Id. at 878 (emphasis added).   Similarly, under the facts of this case, we find that Sloan is the prevailing party under section 30–4–100(b).  When a public body frustrates a citizen's FOIA request to the extent that the citizen must seek relief in the courts and incur litigation costs, the public body should not be able to preclude prevailing party status to the citizen by producing the documents after litigation is filed.   See Litchfield Plantation Co. v. Georgetown County Water & Sewer Dist., 314 S.C. 30, 34, 443 S.E.2d 574, 576 (1994) (Toal, J., concurring in part, dissenting in part) (“A governmental agency should not be allowed to stonewall an FOIA request without some penalty for its actions.”);   see also Wildlands CPR v. U.S. Forest Serv., 558 F.Supp.2d 1096, 1098 (D.Mont.2008) (finding that if a complainant receives relief “via ․ unilateral change in position by the agency,” he is entitled to fees under the federal FOIA statute);  Spokane Research & Def. Fund v. City of Spokane, 155 Wash.2d 89, 117 P.3d 1117, 1125 (2005) (en banc) (“[P]ermitting an agency to avoid attorney fees by disclosing the documents after the plaintiff has been forced to file a lawsuit ․ would undercut the policy behind the act.” (alteration in original) (quoting Coal. on Gov't Spying v. King County Dep't of Pub. Safety, 59 Wash.App. 856, 801 P.2d 1009, 1013 (1990))).

We believe this approach is in harmony with legislative intent, as expressed in the preamble to our FOIA statute:

The General Assembly finds that it is vital in a democratic society that public business be performed in an open and public manner so that citizens shall be advised of the performance of public officials and of the decisions that are reached in public activity and in the formulation of public policy.   Toward this end, provisions of this chapter must be construed so as to make it possible for citizens, or their representatives, to learn and report fully the activities of their public officials at a minimum cost or delay to the persons seeking access to public documents or meetings.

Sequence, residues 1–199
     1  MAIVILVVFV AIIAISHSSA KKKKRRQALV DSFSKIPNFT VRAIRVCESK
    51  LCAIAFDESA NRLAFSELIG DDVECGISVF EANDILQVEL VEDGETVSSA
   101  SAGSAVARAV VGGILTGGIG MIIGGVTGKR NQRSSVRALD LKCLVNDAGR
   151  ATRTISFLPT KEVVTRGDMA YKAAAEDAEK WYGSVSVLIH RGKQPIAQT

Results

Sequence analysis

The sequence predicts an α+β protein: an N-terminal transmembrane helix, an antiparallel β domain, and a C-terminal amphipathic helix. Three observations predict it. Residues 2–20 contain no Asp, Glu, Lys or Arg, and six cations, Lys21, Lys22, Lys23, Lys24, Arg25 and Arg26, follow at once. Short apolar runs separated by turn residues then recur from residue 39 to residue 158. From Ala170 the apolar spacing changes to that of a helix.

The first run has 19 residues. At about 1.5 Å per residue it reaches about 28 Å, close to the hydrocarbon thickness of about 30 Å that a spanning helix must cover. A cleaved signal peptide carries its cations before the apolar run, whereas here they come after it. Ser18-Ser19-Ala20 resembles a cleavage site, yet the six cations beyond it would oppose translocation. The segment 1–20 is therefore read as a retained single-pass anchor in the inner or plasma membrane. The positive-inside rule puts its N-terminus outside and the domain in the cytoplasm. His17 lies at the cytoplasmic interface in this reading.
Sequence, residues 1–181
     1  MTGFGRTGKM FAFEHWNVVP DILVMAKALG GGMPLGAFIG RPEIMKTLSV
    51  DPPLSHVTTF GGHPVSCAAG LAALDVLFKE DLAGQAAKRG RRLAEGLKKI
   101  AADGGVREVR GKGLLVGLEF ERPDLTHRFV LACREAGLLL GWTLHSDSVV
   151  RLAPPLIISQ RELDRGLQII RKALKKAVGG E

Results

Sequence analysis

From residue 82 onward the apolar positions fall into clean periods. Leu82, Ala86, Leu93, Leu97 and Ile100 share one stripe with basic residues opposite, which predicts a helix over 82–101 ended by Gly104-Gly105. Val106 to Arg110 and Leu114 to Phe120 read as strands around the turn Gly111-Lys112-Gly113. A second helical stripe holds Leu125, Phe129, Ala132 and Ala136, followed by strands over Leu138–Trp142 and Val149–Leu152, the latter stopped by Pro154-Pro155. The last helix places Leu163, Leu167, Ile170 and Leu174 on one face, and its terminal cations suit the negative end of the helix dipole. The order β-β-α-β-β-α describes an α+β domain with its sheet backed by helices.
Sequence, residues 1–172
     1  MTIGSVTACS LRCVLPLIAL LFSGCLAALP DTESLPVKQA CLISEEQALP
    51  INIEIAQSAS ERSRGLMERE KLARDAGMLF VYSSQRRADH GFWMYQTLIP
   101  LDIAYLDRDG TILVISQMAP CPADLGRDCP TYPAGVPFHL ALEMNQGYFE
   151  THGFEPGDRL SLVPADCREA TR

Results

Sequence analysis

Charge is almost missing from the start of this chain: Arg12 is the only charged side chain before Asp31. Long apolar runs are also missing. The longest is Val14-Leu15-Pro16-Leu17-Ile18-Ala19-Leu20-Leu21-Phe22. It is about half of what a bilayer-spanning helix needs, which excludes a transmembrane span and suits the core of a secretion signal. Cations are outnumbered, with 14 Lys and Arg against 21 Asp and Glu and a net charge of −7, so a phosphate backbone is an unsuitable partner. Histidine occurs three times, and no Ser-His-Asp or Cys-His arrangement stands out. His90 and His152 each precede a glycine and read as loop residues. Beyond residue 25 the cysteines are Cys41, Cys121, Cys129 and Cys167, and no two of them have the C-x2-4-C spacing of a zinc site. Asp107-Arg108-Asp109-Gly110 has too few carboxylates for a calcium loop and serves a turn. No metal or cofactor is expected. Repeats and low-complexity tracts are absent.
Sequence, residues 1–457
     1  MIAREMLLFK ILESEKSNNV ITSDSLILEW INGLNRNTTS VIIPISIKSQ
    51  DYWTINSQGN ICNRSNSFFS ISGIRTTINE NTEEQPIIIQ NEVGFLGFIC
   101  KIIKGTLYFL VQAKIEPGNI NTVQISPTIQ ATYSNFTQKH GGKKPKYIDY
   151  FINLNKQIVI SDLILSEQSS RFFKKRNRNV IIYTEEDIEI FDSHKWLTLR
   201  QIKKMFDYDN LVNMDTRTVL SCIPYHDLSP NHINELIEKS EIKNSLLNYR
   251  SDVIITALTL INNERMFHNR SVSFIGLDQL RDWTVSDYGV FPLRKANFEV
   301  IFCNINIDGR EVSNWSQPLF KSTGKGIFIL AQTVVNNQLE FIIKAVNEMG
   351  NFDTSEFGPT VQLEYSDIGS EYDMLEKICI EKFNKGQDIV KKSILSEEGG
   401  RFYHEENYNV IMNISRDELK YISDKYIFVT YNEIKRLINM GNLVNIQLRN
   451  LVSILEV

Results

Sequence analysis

S.C.Code Ann. § 30–4–15 (emphasis added).   Honoring legislative intent as expressed in FOIA by awarding attorney's fees in these circumstances may serve as an impetus for public bodies to comply with a FOIA request and thus avoid the imposition of an attorney's fee award.   See Soc'y of Prof'l Journalists v. Sexton, 283 S.C. 563, 324 S.E.2d 313 (1984) (finding attorney's fees may be awarded to encourage agencies to comply with FOIA requests).

Here, Sloan's complaint prompted Friends to do what a series of FOIA letter-requests could not accomplish—produce the requested documents.   Accordingly, Sloan prevailed and is entitled to an award of attorney's fees.   However, we are constrained to reverse the award of fees beyond the time Friends produced the requested documents.   In Sloan I, we affirmed the trial court's grant of summary judgment because the production of the requested documents rendered the complaint moot and non-justiciable.  369 S.C. at 26, 630 S.E.2d at 477 (“[O]nce the requested documents are produced, a justiciable controversy no longer exists.”).   These declarations of mootness and non-justiciability are the law of this case.   The parties and this Court are bound by Sloan I, which clearly limits the time period for which Sloan would be entitled to an award of attorney's fees.   Rather than delay the matter further by remand, we have reviewed the appropriate billing records and modify Sloan's award to $6,467.50.3

We affirm the trial court's finding that Sloan is a prevailing party under FOIA and is thus entitled to an award of his attorney's fees.   We reverse the award of fees beyond the time Friends produced the requested documents and modify Sloan's attorney's fees award to $6,467.50.



1.   Sloan sought Friends' bylaws, minutes from board meetings, tax information, financial statements, retail sales information, and a list of Friends-owned real estate.

2.   We further found that the trial court erred in denying Sloan standing to bring the action, but that finding has no bearing on this appeal.  369 S.C. at 28–29, 630 S.E.2d at 479. 39

3.   Prior to oral argument, we requested the billing records and the attorney's affidavit from Sloan's counsel.   Friends does not challenge the reasonableness of Sloan's attorney's fees.   That concession allows this Court to end the matter.



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SLOAN v. Of Whom Friends of the Hunley, Inc., is, Appellant. (2011)

Docket No: No. 26986.

Decided: June 13, 2011

Court: Supreme Court of South Carolina.